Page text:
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LEDs – Conclusions (Part VI)

CHAPTER I – INTRODUCTION

CHAPTER II – LITERATURE REVIEW

CHAPTER III – DATA COLLECTION

CHAPTER IV – METHODOLOGY

CHAPTER V – ANALYSIS AND RESULTS

CHAPTER VI – CONCLUSIONS

The LED fixture system has met nearly all of its requirements on schedule and below budget.  It will enter Phase 3 on 10 December 2013, at which time the remaining requirements will be tested and verified.  This system is cost-effective, meets user needs, and appears to meet coral requirements as well.  A side-by-side comparison of an Acropora coral (Tyree Pink Lemonade) shows significant growth and coloration improvement (Figure 47).  The photos were taken slightly over a month apart (3 November 2013 and 8 December 2013) with the left side under metal halides and the right side under LEDs.  All other corals in the aquarium are responding similarly (Figure 48).

Figure 47:  Acropora under Metal Halides (Left) and LEDs (Right) a Month Apart

Figure 47:  Acropora under Metal Halides (Left) and LEDs (Right) a Month Apart

Figure 48:  Corals Successfully Growing under LED Light System after Two Weeks

Figure 48:  Corals Successfully Growing under LED Light System after Two Weeks

In addition to coral health and coloration, the other invertebrates have responded well to the LED lighting.  The Cerith snails have laid two batches of eggs during the two-week LED test period, which was typical for approximately every six months of metal halides.  The Nerite and Collumbellid snails have also increased their egg-laying, but the exact increase is impossible to determine due to their egg-laying habits (they lay individual eggs sporadically across the landscape).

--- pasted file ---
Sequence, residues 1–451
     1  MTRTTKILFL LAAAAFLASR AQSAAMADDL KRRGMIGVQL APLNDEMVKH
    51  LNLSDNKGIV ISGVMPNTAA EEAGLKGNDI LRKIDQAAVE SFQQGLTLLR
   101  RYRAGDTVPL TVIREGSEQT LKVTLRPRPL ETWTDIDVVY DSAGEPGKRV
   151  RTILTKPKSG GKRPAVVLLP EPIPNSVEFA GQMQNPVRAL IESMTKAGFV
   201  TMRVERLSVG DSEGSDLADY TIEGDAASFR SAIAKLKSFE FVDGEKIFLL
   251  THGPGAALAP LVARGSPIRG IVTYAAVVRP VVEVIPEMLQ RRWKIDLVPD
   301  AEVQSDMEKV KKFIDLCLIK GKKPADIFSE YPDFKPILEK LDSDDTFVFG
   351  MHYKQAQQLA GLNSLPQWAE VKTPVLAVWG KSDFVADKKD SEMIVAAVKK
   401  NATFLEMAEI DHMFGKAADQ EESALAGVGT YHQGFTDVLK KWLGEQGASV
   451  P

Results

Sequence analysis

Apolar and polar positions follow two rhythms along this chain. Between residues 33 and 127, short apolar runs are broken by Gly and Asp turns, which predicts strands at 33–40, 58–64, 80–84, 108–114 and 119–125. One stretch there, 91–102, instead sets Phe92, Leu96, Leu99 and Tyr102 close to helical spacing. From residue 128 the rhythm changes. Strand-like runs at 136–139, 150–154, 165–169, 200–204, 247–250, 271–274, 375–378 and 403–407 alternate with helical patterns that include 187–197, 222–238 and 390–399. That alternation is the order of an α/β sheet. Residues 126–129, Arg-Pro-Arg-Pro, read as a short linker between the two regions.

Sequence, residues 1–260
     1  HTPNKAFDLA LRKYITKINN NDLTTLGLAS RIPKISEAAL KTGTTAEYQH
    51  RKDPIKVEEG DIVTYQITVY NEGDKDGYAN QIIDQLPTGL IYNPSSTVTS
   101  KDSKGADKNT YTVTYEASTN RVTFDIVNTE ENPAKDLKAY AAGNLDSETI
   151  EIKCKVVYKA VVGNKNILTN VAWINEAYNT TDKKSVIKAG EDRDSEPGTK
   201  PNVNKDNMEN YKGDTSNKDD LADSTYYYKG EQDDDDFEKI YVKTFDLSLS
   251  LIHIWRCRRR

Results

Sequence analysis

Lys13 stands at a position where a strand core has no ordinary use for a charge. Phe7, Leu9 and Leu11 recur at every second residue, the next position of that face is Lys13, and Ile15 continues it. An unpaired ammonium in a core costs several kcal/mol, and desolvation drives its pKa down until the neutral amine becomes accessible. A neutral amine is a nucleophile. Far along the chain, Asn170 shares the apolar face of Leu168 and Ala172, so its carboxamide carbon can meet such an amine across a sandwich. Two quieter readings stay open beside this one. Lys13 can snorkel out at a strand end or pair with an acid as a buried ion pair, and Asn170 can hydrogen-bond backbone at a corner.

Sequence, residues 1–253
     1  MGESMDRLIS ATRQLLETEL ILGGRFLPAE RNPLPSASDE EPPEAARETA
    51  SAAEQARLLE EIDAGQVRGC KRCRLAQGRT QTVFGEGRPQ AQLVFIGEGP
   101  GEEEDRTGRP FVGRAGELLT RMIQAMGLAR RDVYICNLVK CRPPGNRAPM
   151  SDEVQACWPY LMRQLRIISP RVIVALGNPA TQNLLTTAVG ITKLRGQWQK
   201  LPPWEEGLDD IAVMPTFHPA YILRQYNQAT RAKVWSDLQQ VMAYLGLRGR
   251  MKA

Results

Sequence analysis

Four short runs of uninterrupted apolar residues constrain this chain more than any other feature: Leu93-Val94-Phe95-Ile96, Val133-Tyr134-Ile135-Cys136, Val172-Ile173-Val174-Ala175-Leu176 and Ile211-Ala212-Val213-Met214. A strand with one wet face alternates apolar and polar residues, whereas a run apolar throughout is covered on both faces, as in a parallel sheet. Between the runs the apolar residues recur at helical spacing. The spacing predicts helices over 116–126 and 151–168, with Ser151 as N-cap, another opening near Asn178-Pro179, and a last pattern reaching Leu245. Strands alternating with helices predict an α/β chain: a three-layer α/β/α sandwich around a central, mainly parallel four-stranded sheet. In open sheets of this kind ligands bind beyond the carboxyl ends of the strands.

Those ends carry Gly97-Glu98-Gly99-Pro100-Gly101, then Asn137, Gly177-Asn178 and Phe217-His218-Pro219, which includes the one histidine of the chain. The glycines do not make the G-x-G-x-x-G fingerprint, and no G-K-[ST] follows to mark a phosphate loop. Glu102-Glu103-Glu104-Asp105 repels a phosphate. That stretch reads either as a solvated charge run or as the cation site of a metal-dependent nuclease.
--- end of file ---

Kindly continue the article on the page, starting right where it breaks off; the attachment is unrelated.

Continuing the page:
Future design improvement analysis will be completed after Phase 3 test and evaluation.  However, initial test results suggest that less LEDs are required than initially believed.  Less LEDs would significantly reduce the price and therefore, the breakeven point.  This would make the fixture more competitive and/or more profitable.  The fixture should also be designed for PWM controllers in order to expand the market.  As power costs increase globally and the demand for efficient fixtures increases, this design should meet the user’s needs along with the aquarium inhabitant’s.

Disclaimer

The views and opinions expressed or implied in this paper are those of the author and should not be construed as carrying the official sanction of the University of Dayton, the Engineering Department, or of individuals/groups mentioned in this paper.  This project is for informational purposes only, and it should not be used replace proper electrical engineering training before attempting such a project.  Any projects arising from this paper are at the reader’s own risk.  Additionally, this report and analysis shall not be used for commercial and/or profit without the author’s explicit written permission and any permission required from the University of Dayton.

References

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